Furthermore, it is the recognition that cruelty against any form of life is an act of barbarism. A second interesting point in the above definition in this regard is the definition of human rights in terms of “species.” The definition therefore already has a built-in premise which allows for its expansion: it could be enlarged so as to include all animal species. In so far as the demands of human rights only entail security and well-being there seems to be no radical objection to why these same basic principles could not be applied to animals. Does it not show a commitment to the value of life in its entirety to include non-human animal species within such a modest definition of rights? As Jonathan Benthall (2007) writes, the defense of animal rights in this regard is the product of a “tendency among some philosophers and human biologist to emphasize what human beings have in common with animals, rather than what separates us.” This is an important point in at least the following sense: human rights are meant to be inclusive. They are not intended to draw boundaries, but the exact opposite: to forge a common ethical foundation. Accordingly, following this principle, the exclusion of non-human animals from a type of rights, violates this very methodology: it aims to exclude certain life-forms from being conferred rights. Accordingly, this position violates the very spirit of how human rights have been “codified”, that is to say, through inclusion as opposed to exclusion.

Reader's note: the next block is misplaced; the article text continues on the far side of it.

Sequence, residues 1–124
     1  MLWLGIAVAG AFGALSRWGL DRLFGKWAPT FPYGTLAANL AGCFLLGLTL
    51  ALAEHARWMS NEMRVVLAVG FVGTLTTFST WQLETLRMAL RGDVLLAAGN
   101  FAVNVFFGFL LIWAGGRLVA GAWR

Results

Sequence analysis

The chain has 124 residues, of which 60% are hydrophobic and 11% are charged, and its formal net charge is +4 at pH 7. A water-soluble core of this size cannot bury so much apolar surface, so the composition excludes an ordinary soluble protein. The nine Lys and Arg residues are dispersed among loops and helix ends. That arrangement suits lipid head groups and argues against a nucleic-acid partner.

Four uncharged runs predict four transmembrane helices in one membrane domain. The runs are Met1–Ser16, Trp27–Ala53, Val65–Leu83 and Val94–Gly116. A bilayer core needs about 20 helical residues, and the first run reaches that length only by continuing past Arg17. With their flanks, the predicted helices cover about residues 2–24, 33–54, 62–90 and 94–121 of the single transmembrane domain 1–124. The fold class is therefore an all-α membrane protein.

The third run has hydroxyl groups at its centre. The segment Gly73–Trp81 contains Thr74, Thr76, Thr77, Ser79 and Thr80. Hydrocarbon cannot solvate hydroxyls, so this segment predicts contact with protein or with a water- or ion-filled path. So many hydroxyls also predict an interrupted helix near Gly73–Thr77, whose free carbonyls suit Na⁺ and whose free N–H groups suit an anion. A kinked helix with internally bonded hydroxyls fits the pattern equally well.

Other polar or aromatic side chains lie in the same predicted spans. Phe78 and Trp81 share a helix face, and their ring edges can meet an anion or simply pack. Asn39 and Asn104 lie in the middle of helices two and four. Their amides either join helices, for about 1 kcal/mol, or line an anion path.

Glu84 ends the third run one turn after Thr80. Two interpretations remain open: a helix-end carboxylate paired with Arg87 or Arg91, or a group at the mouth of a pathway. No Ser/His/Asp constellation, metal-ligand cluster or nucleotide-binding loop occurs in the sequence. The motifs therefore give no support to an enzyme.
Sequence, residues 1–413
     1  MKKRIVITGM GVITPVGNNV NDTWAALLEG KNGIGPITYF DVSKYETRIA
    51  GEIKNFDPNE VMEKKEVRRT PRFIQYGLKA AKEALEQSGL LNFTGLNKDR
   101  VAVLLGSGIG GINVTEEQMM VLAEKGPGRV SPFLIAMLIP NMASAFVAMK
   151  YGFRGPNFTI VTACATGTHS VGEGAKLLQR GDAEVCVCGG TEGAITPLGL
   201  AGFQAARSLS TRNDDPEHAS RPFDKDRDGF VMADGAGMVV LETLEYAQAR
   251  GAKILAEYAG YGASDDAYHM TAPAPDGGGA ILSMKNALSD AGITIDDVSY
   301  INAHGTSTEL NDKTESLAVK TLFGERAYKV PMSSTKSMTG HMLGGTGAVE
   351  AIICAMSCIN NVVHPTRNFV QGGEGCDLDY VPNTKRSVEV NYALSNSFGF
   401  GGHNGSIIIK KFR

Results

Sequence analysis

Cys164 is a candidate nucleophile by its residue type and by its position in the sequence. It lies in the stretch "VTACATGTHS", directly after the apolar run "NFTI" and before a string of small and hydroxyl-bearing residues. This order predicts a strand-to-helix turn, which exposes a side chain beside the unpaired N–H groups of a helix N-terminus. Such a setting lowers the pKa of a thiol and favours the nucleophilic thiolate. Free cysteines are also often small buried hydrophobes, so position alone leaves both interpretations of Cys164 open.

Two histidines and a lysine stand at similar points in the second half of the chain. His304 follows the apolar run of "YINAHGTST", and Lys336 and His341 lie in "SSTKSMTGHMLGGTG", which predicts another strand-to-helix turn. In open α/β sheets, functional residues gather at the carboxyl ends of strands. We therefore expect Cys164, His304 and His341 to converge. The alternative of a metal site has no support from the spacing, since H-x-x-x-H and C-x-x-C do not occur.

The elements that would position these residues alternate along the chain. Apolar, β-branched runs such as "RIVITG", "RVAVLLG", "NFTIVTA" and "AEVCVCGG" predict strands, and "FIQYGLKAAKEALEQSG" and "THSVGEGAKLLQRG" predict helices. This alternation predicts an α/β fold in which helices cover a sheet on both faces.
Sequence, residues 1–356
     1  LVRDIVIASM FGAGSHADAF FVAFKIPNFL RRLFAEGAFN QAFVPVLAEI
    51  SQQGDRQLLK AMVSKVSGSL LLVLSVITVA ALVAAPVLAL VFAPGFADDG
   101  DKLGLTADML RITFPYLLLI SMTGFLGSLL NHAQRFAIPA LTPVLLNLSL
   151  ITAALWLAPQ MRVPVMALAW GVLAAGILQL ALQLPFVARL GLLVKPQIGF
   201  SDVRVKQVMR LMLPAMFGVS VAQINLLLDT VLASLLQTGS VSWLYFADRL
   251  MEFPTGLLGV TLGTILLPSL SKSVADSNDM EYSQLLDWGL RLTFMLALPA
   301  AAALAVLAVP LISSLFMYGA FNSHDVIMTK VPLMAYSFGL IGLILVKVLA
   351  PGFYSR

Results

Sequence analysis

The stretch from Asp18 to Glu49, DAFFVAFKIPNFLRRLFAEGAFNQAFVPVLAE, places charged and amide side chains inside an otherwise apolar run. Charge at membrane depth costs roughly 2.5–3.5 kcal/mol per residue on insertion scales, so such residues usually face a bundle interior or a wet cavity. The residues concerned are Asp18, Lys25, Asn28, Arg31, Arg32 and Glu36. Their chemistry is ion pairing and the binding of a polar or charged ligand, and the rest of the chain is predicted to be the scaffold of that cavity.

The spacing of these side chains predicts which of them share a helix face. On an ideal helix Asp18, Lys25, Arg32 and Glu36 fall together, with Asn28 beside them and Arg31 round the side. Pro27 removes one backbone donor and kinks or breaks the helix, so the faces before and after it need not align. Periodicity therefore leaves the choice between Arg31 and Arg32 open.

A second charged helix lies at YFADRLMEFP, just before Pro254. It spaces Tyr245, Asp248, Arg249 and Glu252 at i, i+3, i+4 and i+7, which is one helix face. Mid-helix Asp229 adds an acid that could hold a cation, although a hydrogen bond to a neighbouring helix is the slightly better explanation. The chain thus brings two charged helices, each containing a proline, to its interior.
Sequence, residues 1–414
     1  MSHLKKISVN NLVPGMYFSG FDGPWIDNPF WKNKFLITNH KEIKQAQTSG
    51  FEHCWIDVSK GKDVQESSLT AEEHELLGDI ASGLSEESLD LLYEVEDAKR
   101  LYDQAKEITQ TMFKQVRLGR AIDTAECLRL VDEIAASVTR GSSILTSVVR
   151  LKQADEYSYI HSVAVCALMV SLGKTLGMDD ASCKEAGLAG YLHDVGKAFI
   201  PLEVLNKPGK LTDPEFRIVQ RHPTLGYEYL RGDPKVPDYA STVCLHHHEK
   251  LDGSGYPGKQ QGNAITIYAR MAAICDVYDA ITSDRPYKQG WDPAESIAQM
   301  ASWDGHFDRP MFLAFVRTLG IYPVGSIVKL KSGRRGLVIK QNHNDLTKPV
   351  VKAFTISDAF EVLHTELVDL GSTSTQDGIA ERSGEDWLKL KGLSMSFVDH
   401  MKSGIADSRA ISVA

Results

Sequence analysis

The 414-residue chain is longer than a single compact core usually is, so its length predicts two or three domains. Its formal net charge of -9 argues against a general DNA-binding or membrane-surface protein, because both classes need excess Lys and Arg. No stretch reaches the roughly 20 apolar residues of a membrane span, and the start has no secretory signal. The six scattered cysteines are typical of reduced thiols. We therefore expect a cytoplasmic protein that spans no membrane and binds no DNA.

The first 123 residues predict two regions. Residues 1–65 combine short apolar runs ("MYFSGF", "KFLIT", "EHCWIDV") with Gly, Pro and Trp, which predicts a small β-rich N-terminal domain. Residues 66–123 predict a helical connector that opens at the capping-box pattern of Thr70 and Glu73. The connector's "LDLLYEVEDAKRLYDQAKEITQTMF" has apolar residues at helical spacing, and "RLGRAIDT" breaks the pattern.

Certainly, those opposed to non-human animal rights will argue that the difference is simply too radical between human beings and animals so that they should be both conferred rights. Some may even argue that this is an attack on the dignity of human life, to the extent that it is equated with animal rights: why should human beings be posited on the same ethical level as animals? For example, Tom Regan proposes an exclusionary definition, whereby “animals should be accorded rights only if they have enough mental capacity to be ‘subjects of a life’, which he defines as mammals aged over one year.” (Benthall, 1988, 1) But this overlooks the very minimal definition of human rights as cited above. When talking about human rights in the context of the codified definitions, we are not talking about some abstract concepts such as the pursuit of happiness, but rather a very intuitive and common sense notion of security and well-being. It seems radically unethical to exclude other forms of life from such a minimal definition of rights.